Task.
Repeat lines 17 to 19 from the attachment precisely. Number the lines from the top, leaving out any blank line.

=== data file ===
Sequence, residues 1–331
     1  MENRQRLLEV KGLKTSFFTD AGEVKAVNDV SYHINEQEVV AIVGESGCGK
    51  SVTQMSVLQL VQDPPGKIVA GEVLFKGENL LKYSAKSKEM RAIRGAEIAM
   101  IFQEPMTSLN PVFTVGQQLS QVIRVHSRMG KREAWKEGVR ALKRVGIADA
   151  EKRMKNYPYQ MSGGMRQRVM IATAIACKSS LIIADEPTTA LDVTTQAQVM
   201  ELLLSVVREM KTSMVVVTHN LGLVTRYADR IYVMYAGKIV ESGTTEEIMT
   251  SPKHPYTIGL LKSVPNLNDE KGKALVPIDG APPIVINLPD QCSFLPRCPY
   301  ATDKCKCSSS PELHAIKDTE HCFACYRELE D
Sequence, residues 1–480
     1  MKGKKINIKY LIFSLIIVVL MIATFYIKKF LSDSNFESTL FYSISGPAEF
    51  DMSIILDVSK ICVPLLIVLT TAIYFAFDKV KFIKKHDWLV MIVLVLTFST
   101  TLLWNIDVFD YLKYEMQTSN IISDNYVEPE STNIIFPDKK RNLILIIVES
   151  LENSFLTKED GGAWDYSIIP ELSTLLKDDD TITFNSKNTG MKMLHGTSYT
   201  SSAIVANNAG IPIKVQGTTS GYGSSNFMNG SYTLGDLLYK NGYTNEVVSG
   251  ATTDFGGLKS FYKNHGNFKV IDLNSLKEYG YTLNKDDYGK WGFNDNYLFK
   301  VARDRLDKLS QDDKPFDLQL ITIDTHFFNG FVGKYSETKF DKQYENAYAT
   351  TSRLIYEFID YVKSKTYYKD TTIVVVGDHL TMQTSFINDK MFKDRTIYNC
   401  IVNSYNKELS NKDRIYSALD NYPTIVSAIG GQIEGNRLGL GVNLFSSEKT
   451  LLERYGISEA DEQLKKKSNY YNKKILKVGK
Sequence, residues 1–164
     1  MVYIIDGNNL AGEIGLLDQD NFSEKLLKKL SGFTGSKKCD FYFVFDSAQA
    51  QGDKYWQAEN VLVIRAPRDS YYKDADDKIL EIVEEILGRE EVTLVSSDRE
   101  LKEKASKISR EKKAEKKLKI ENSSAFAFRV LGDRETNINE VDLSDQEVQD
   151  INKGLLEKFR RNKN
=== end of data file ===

   351  TSRLIYEFID YVKSKTYYKD TTIVVVGDHL TMQTSFINDK MFKDRTIYNC
   401  IVNSYNKELS NKDRIYSALD NYPTIVSAIG GQIEGNRLGL GVNLFSSEKT
   451  LLERYGISEA DEQLKKKSNY YNKKILKVGK